Nicolas Cage, John Woo — An unbroken code

By Jae-Ha Kim
Chicago Sun-Times
June 11, 2002

Friendship isn’t the first word most people would think of to describe the World War II epic “Windtalkers,” which opens Friday. But it pops up frequently when the film’s stars Nicolas Cage and Adam Beach, and their director, John Woo, get together to discuss the movie.

“I knew very little about this part of history,” says Woo. “That is one reason why I wanted to make the film. It was important to me to show how important the Navajo Americans were to World War II. But I also wanted to show the camaraderie and friendship between the men–the respect that they gain for each other in a very difficult time.”

Cage, who worked with Woo in 1997’s “Face/Off,” adds, “I respond to that friendship between these men. John makes very human movies–stories that are about people and that’s one reason I wanted to do another film with him. Yes, this is a war movie, but it’s also about cultures coexisting together.”

He’s talking less about the adversarial relationship between the Americans and the Japanese than the way Americans regarded a different kind of American–the Navajos, who were enlisted to send and decipher encrypted military transmissions based on their native language.

According to Doris Paul’s The Navajo Code Talkers (Dorrance Publishing, $17), the code’s inception belongs to Los Angeles engineer Philip Johnston. But it was the 29 Navajo code talkers who developed the secret military code, which was never broken by the Japanese.

Cage is sitting in a suite at the Ritz-Carlton Hotel with Woo and Beach. While Beach happily eats a small bowl of soup and Woo politely oversees the interview with a quiet calm, Cage is at first diplomatic but reserved.

He knows what it’s like to be a heartthrob (“Valley Girl”), Oscar winner (“Leaving Las Vegas”) and an action hero (“Gone in Sixty Seconds”). He has been profiled in serious film journals. His picture has been splashed on the supermarket tabloids because of his relationships with Patricia Arquette and Lisa Marie Presley. Throw in a famous uncle (Francis Ford Coppola) and it’s not difficult to understand that he may be wondering if you’re going to concentrate on his filmwork or his private life.

“Your cousin [actor/musician] Jason [Schwartzman] cracks me up,” a reporter says, hoping to break the ice. “He told me during one phone interview he was sitting there half-naked. I didn’t ask which half. By the way, he calls you Nicky.”

“He’s great, isn’t he?” Cage says, smiling. “I’m still Nicky!”

The ice is broken. Beach looks up from his soup, laughs, and gives Cage a playful punch on the shoulder.

“I’d never have done that when I first met him,” says Beach, who plays Ben Yahzee, one of the Navajo code talkers. “I was pretty intimidated when I found out I’d got the part and that I would be working alongside Nicolas in a film by John Woo. I was afraid they’d rethink their hiring decision and fire me. But they were both so generous with everyone and shared their knowledge and love of filmmaking. They made it such a memorable experience for me.”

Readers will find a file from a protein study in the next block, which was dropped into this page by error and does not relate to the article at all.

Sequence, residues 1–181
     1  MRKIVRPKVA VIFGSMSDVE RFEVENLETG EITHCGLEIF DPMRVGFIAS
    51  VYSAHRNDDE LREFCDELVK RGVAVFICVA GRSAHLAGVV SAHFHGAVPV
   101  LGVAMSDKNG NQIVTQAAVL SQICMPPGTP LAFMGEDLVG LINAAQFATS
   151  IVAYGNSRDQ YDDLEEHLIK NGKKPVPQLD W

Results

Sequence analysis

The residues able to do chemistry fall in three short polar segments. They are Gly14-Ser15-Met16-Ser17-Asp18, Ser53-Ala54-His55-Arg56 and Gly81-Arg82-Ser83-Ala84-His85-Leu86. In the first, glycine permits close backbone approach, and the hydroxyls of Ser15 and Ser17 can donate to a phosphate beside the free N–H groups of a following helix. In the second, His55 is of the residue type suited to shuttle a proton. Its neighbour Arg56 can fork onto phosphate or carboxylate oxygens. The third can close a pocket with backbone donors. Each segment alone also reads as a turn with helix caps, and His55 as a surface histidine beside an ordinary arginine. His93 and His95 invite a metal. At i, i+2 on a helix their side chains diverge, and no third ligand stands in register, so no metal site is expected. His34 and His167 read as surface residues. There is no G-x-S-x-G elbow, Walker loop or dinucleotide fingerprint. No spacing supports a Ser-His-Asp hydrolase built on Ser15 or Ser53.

Yahzee is eager to fit in with his platoon. He realizes that even though his ancestors were in America first, he is the one viewed as an outsider. His ability to code talk makes him different from the rest of the platoon. But it also makes him necessary.

“I couldn’t repeat any of those codes now if I tried,” says Beach. “When we were filming, I had the rhythm down perfectly. But I will admit that when I had Nicolas in character screaming at me to hurry up and get it right, I got kind of nervous. I can’t imagine what it must be like to be under that kind of pressure when people’s lives depend on how much you’re paying attention.”

When Cage’s character, Joe Enders, is ordered to lead his men in the Battle of Saipan, he is told to keep his men safe, but to “protect the code at all costs.” That the code ultimately is more important to the military than the men who know what it stands for isn’t a shock, and Woo doesn’t spend time manipulating our heartstrings. War isn’t fair, and sacrifices are made. But how do you sacrifice a friend and live with your actions?

Woo doesn’t simplify Yahzee’s relationship with the others. He must be protected at all costs. To the other grunts, his life has more value than theirs. What they don’t realize is their superiors have orders to kill him and any other code talker rather than let them be captured by the enemy.

“The way John has put this all together, you don’t see an enemy really,” says Beach. “It’s kind of just following the struggle to survive by a group of men trying to get back home. Fighting is the only way to get that ending for them, whether they’re the Americans or the Japanese.”

Cage adds, “When you’re in a battle situation, you almost can’t look at the enemy as a person, because then you can’t do your job. At some point that kind of programming inevitably doesn’t work. I like to think we don’t paint anyone as the hero or villain in this film. Unfortunately, I think war will always exist. There’s always somebody wanting more.”

Woo made his name directing action films, but the action in “Windtalkers” is of a different kind than the stylized fights he stages in “Mission: Impossible 2.” We’re lulled into soaking in the gorgeous landscape before we’re hit with the one-two punch of machine guns and grenades. The scenes instill fear in the viewer. If we can’t tell where the enemy is, how are the Marines supposed to know?

“I wanted to show heaven and hell,” Woo says. “That’s how war can be.”


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